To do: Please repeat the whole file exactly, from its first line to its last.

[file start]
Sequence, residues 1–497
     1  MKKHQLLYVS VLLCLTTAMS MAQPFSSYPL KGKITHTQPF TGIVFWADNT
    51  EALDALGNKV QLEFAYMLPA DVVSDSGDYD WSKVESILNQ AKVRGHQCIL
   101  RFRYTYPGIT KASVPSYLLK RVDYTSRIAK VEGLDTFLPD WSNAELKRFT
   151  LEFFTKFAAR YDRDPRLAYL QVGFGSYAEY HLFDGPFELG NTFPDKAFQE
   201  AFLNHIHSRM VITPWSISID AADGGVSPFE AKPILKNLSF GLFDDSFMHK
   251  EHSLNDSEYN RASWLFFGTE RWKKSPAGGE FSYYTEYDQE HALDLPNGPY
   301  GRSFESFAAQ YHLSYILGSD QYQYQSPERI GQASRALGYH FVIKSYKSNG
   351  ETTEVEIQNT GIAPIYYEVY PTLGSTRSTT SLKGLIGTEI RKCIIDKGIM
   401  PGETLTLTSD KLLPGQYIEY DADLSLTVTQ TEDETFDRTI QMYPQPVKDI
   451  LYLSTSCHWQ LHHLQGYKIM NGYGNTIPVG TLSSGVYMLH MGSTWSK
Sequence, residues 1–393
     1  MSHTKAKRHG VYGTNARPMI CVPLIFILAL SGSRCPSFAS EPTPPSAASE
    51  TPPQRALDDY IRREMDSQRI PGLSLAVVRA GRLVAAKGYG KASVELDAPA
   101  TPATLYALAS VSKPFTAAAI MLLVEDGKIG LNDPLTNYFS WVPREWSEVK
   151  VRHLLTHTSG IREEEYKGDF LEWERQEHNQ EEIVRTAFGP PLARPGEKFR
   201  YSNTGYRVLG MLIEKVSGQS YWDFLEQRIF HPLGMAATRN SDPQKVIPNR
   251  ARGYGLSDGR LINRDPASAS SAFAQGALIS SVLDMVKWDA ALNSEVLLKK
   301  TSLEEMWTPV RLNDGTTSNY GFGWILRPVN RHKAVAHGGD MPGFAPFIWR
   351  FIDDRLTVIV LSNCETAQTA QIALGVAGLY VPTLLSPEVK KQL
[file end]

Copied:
Sequence, residues 1–497
     1  MKKHQLLYVS VLLCLTTAMS MAQPFSSYPL KGKITHTQPF TGIVFWADNT
    51  EALDALGNKV QLEFAYMLPA DVVSDSGDYD WSKVESILNQ AKVRGHQCIL
   101  RFRYTYPGIT KASVPSYLLK RVDYTSRIAK VEGLDTFLPD WSNAELKRFT
   151  LEFFTKFAAR YDRDPRLAYL QVGFGSYAEY HLFDGPFELG NTFPDKAFQE
   201  AFLNHIHSRM VITPWSISID AADGGVSPFE AKPILKNLSF GLFDDSFMHK
   251  EHSLNDSEYN RASWLFFGTE RWKKSPAGGE FSYYTEYDQE HALDLPNGPY
   301  GRSFESFAAQ YHLSYILGSD QYQYQSPERI GQASRALGYH FVIKSYKSNG
   351  ETTEVEIQNT GIAPIYYEVY PTLGSTRSTT SLKGLIGTEI RKCIIDKGIM
   401  PGETLTLTSD KLLPGQYIEY DADLSLTVTQ TEDETFDRTI QMYPQPVKDI
   451  LYLSTSCHWQ LHHLQGYKIM NGYGNTIPVG TLSSGVYMLH MGSTWSK
Sequence, residues 1–393
     1  MSHTKAKRHG VYGTNARPMI CVPLIFILAL SGSRCPSFAS EPTPPSAASE
    51  TPPQRALDDY IRREMDSQRI PGLSLAVVRA GRLVAAKGYG KASVELDAPA
   101  TPATLYALAS VSKPFTAAAI MLLVEDGKIG LNDPLTNYFS WVPREWSEVK
   151  VRHLLTHTSG IREEEYKGDF LEWERQEHNQ EEIVRTAFGP PLARPGEKFR
   201  YSNTGYRVLG MLIEKVSGQS YWDFLEQRIF HPLGMAATRN SDPQKVIPNR
   251  ARGYGLSDGR LINRDPASAS SAFAQGALIS SVLDMVKWDA ALNSEVLLKK
   301  TSLEEMWTPV RLNDGTTSNY GFGWILRPVN RHKAVAHGGD MPGFAPFIWR
   351  FIDDRLTVIV LSNCETAQTA QIALGVAGLY VPTLLSPEVK KQL